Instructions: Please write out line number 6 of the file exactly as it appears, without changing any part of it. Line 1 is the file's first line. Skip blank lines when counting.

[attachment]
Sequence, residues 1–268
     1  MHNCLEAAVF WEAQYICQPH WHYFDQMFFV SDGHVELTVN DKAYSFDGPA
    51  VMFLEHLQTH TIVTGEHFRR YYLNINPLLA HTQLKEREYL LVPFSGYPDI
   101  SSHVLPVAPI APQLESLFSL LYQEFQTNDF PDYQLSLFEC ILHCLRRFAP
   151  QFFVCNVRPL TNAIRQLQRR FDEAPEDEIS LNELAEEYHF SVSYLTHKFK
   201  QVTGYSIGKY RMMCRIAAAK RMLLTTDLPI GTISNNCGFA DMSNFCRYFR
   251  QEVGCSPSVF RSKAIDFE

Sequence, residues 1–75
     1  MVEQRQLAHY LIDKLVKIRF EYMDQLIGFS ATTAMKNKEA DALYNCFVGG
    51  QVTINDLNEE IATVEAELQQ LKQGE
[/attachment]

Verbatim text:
   201  QVTGYSIGKY RMMCRIAAAK RMLLTTDLPI GTISNNCGFA DMSNFCRYFR